Those who have been following this blog since I was in Australia will remember a certain Bill Evans whom I met in a roughneck bar, one night before I started the Nularbor traverse. Among other things Bill criticized “that c*** Bear Grylls”, blaming him for encouraging unprepared adventurers out into the Australian bush.
Twice today, I thanked my lucky stars for paying attention to Bear’s wisdom, once when I got caught out in a blizzard in the middle of nowhere and then later when I pitched my tent ready for a night outdoors when temperatures are due to drop to -10°.
It was a cold, cold day. The thermometer was reading -2° when I broke camp this morning and although once or twice it’s a rose to a few degrees above zero, it was -5° again when I pitched camp again tonight.
The cold north wind continued to blow all day, although thankfully in the afternoon a westerly dimension was added which gave me a slight tailwind. So, despite the Arctic conditions I managed to cover the required 150k and I’m now only 650k and four and a half days away from Capitol Hill.
I slept very well last night despite the very cold weather. My sleeping bag is designed to cope with sub zero temperatures and the microclimate inside the tent so far has ensured that it stays nice and snug in there no matter how cold it is outside.
It took me a long long time to warm up this morning. I was up quite early and was cycling by 8:00am. opting to take my breakfast in the next town, Grenville, which was about 20k away.
In the McDonald’s restaurant there, I met Ken, the first real ‘cycle nomad’ I’ve met on Gogogermo. Cycle nomads are people who spend their lives traveling the world by bicycle, normally doing a bit of work here and there to finance their travels but living a very frugal existence, -like myself!
He was too shy to be photographed but allowed me to take a photo of his bike and trailer. Today he was in no hurry and had decided to spend the day chilling in McDonald’s. I was slightly tempted to join him but DC and my date with destiny there were calling.
I’d cycled about 80k when the blizzard struck. First I noticed some very dark clouds in the sky ahead and saw that they were moving very quickly towards me. However I wasn’t prepared for the suddenness of the blizzard or its ferocity. -Whiteout!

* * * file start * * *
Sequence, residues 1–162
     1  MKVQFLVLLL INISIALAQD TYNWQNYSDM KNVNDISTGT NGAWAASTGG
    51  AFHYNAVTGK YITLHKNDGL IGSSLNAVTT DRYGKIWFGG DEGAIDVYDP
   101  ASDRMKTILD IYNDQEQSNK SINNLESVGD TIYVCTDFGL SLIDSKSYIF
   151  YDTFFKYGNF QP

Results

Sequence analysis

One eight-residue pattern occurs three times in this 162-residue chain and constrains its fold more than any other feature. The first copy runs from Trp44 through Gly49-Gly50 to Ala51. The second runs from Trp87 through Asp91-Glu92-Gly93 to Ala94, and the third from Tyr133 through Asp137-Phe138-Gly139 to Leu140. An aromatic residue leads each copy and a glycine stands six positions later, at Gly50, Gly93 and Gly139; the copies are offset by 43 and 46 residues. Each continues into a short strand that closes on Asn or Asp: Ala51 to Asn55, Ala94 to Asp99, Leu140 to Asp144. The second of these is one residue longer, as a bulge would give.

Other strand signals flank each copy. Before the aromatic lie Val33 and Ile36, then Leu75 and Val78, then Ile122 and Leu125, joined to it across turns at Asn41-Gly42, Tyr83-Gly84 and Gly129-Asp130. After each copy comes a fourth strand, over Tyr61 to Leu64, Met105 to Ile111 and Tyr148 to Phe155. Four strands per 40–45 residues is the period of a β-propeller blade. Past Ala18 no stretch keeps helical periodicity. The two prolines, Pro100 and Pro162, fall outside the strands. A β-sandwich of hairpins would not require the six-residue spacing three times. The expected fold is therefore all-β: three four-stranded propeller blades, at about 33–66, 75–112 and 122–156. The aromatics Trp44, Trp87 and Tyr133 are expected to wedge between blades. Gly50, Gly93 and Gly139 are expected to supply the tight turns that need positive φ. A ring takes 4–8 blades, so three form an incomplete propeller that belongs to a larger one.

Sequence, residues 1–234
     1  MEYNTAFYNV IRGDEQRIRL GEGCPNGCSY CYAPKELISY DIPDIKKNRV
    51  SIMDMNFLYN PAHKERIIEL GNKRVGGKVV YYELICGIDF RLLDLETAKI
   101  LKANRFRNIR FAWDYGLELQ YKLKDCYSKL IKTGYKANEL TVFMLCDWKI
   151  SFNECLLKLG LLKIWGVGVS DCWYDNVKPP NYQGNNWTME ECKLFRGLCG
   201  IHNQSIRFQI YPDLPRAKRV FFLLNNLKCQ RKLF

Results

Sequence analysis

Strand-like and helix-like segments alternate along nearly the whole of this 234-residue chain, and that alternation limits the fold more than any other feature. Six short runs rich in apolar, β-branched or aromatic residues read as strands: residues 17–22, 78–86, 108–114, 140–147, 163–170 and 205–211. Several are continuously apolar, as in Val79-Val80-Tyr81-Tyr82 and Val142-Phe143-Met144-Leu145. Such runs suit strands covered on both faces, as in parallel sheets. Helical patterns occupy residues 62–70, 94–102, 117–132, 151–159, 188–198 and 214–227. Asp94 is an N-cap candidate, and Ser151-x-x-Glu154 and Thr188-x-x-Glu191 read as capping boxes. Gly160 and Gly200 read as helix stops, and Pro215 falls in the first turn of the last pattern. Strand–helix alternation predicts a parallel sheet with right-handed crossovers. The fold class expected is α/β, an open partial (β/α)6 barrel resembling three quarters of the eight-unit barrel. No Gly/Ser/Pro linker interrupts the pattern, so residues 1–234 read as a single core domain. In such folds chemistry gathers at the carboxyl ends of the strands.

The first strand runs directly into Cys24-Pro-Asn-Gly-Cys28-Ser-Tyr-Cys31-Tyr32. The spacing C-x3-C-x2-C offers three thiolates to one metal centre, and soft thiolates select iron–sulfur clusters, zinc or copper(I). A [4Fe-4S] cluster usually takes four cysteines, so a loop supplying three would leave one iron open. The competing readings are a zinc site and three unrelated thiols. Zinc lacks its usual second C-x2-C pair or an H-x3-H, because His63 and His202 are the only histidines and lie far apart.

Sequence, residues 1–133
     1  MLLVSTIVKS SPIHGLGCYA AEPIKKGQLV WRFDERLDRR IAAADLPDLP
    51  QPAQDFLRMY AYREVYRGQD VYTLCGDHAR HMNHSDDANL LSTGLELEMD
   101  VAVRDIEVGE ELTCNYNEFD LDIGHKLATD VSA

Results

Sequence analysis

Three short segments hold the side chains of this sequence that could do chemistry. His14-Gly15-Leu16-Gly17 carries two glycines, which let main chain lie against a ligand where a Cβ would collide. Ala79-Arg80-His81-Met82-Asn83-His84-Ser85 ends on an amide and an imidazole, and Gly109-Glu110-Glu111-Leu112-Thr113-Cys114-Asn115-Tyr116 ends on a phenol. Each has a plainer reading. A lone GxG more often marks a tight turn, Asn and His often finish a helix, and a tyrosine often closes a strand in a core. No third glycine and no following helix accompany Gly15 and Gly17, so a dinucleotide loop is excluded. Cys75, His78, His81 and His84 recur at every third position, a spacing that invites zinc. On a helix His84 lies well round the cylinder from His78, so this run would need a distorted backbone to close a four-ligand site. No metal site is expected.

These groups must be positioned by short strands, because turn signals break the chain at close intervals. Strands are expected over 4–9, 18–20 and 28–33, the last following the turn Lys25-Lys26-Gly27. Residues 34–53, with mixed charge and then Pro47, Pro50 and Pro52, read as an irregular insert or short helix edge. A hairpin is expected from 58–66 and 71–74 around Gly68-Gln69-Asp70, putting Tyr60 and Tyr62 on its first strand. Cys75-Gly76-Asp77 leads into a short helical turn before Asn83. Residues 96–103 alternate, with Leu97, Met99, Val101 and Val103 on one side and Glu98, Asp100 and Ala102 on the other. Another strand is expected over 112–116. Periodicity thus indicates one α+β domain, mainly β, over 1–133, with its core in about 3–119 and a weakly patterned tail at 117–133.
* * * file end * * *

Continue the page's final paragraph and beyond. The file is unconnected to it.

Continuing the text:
There’d been quite a bit of traffic on the number 11 but all of a sudden there was nothing. The drivers had obviously pulled in for safety.
I could see absolutely nothing in any direction and as soon as I stopped I began to get really, really cold. There was no possibility of continuing on and there was absolutely nowhere to go.
A brief moment of panic and then, thankfully the survival instinct kicked in. I threw Karolina in the ditch and with numb fingers pulled out my survival bag from the bottom one of the panniers bags.
Several times, this item of equipment has .itself survived the cull when I’d decided to reduce the weight of my panniers, -very fortunately! It was its compactness and light weight that saved it and could well indeed have saved my life too.
I pulled out my sleeping bag also and stuffed it into the survival bag, squirmed inside and lay down in the ditch to wait out the storm. – It was surprisingly snug inside and within 10 minutes I was actually warmer than I was going to be at any time today.
The blizzard only lasted about half an hour. When I emerged, the sun was shining, the temperature had risen to about-2° and it was actually quite easy to cycle on the powdery snow.
So, I continued on to the busy little town of Bristol, where I crossed the state line into my next state, Virginia. -“Country roads take me home!!!!!”
Once again, I found a fast food restaurant where I could thaw out and get some sustenance. Cycling and surviving in freezing conditions uses up an awful lot of energy.
I was really grateful for all the helpful tips and advice which had been offered yesterday by many of my cyclist followers. I tried replacing my base layer, as suggested but for the touring cyclist this tactic isn’t really a sustainable option when you only carry two of them and have no way to dry them out. Unfortunately, while it would have been plentiful in New Zealand, merino wool was hard to source in Tennessee!
– [ ] Newspapers, between layers worked well and kept my core from getting cold even when the base layers became soaked with sweat. Once again sweating was inevitable as the terrain was even more undulating than yesterday.
There were tall snowcapped peaks ahead and to my right for most of the afternoon, -the Smoky and Blue Ridge Mountains. I tried to sing some of the songs I knew which referred to these features but the cold had sapped my enthusiasm for singing.
The target destination was a small town called Abingdon which was only about 35k from Bristol. Abingdon is famous for its breweries and country music, -two features which I could sing about tonight once I got indoors!
There was a light dusting of snow on the ground when I reached the veterans memorial park there where I’m camping tonight. The ground in the forest was covered with leaves but there was a large pile of hay lying in the corner of the park. So once again, I remembered the advice of Mr. Grylls, and gathered piles of the hay, layering it with the leaves on the ground, before pitching my tent on top.
Fairfax, the lovely waitress in the bar where I’m having a few beers tonight tells me that the temperature will drop to -10° tonight.
I’m hoping that’s the whiskey nightcap inside me and the hay underneath me will prevent me from freezing to death.